The instructions below will create a bootable system partition on a USB flash drive, which is exactly the same as creating such a partition on a hard drive. Specifically, I will be using Windows 7’s built-in DiskPart (Disk Partition) command-line utility to create a bootable USB flash drive containing a Windows 8.1 Setup image.
If you are interested, here’s the technical reason why our bootable USB flash drive will use the MBR layout and FAT32 format: Computers, including both Windows and Macs, boot using a standard called UEFI (Unified Extensible Firmware Interface), which is based upon the EFI specification (Extensible Firmware Interface). (When folks say EFI, they are usually referring to UEFI because all modern computers use UEFI.) UEFI is a replacement for the previous BIOS method of booting up, but UEFI still supports the older BIOS method. The BIOS boot method uses the MBR (Master Boot Record) layout. In addition to BIOS+MBR, UEFI also supports the new GPT (GUID Partition Table) layout. The UEFI specification requires bootable removable media (such as a bootable USB flash drive) to use the MBR layout and FAT32 format.
To create a bootable USB flash drive, do the following:
- Insert a USB flash drive with sufficient capacity. (The 64-bit Windows 8.1 Professional ISO image I had is 4.5GB in size and requires at least an 8GB USB flash drive).
- Launch the “diskpart” or “diskpart.exe” utility from the Windows Start/Run menu or the Command Prompt. You will be prompted with a popup message asking “Do you want to allow the following program to make changes to this computer?” Answer Yes.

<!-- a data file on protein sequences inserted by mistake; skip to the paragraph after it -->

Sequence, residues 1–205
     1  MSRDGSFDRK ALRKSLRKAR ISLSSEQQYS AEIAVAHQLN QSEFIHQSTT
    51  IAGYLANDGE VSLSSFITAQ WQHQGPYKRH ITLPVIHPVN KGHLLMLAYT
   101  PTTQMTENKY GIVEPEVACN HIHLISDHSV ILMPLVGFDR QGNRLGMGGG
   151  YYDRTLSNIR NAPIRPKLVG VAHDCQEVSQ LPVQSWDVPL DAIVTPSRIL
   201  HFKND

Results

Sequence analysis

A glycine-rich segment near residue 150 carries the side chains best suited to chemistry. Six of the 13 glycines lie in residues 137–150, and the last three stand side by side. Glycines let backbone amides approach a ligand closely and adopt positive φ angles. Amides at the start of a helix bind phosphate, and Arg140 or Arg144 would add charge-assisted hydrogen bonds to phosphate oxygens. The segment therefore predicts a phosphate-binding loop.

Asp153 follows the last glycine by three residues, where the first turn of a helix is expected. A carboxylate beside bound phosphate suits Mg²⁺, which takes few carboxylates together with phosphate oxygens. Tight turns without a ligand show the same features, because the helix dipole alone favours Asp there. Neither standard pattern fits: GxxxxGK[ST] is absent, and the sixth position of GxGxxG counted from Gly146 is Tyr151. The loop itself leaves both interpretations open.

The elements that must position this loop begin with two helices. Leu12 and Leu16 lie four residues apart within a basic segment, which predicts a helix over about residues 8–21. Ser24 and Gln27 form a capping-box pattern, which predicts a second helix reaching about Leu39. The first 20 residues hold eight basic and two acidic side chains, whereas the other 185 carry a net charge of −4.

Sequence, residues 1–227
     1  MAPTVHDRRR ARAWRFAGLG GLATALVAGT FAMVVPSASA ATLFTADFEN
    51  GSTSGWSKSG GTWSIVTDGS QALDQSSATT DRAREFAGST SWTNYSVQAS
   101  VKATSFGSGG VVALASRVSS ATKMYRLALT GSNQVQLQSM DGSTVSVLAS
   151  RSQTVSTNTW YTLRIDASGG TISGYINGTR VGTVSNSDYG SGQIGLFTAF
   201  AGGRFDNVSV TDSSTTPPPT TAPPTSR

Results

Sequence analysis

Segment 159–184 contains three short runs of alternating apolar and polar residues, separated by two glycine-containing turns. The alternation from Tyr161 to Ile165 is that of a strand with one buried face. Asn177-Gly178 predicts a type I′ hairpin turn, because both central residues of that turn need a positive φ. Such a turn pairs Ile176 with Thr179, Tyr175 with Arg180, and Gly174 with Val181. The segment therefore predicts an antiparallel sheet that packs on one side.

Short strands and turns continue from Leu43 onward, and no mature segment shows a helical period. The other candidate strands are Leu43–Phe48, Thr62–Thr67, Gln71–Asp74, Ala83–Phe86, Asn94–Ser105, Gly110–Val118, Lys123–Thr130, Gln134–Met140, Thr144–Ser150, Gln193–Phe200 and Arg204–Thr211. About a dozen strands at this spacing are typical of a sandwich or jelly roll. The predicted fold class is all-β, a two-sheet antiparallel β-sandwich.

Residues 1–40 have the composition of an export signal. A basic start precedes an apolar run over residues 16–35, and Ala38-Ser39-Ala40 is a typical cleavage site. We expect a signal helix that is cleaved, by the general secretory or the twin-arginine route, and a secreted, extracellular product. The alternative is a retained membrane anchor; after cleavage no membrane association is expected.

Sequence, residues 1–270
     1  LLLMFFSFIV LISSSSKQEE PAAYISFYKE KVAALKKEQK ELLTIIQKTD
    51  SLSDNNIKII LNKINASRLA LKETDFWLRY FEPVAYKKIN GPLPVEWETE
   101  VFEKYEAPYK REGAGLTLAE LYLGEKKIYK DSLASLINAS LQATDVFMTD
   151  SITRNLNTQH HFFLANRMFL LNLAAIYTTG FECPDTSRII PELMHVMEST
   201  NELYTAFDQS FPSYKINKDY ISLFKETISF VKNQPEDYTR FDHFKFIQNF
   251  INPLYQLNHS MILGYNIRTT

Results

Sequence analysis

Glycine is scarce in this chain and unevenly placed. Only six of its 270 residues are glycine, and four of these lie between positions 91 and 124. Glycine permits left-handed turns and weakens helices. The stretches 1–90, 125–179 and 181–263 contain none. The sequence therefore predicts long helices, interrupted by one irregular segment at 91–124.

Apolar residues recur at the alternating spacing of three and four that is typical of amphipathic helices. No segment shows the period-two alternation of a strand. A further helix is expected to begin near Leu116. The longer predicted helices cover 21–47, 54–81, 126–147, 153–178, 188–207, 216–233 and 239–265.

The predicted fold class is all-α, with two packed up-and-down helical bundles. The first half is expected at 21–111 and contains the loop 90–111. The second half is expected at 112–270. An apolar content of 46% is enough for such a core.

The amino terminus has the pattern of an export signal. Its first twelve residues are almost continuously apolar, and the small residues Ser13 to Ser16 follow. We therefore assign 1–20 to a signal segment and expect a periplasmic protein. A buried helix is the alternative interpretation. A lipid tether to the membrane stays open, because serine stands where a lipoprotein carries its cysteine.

- Run the following commands in the DiskPart utility (ignore the comment lines marked by the pound # character):
# Show all disks (aka drives, like hard drives or removable media).
DISKPART> list disk
# Select a disk to operate on.
DISKPART> select disk [number identifying USB flash drive]
# Delete all partitions, resulting in a blank disk.
# If the USB drive is using the GPT layout, the "list disk" command output
# above will show an asterisk in the last "Gpt" column. If this is the
# case, issue this command to change it to the MBR layout.
DISKPART> convert mbr
# Create a primary partition (using MBR).
DISKPART> create partition primary
# Show all partitions (should just be the one newly-created partition).
DISKPART> list partition
# Select the primary partition to operate on (only 1 partition exists).
DISKPART> select partition 1
# Make the primary partition active (aka bootable).
# This command will fail if the USB drive is using the GPT layout.
# Format the active primary partition using FAT32.
# To do a full format, instead of a quick format, omit the "quick" flag.
DISKPART> format fs=fat32 quick
# Assign a drive letter to the primary partition
# (just in case Windows didn't already do it).
# Quit DiskPart.
- Test by opening the contents of USB flash drive using Windows Explorer. If you get an inaccessible error when accessing the drive, unplug and re-plug it back into the computer. You should then be able to access it.
- Insert the Windows Setup DVD or mount the Windows Setup ISO file (I recommend using the free Slysoft Virtual CloneDrive utility to perform the ISO mount).
- Copy all the Windows Setup content to the USB flash drive by running the xcopy command from the Command Prompt:
# Supposing USB flash drive is K: drive and Windows is L: drive,
# copy all files and directories from the latter to the former.
# /e = Copies directories and sub-directories, including empty ones.
# /f = Displays full source and destination file names while copying.
xcopy L:*.* /e/f K:
And we are done. The resulting USB flash drive should be bootable on both Windows and Macs. I tested the USB flash drive on my Macbook Pro Retina and it booted fine.
Info above derived from Install Windows 7 From a USB Flash Drive.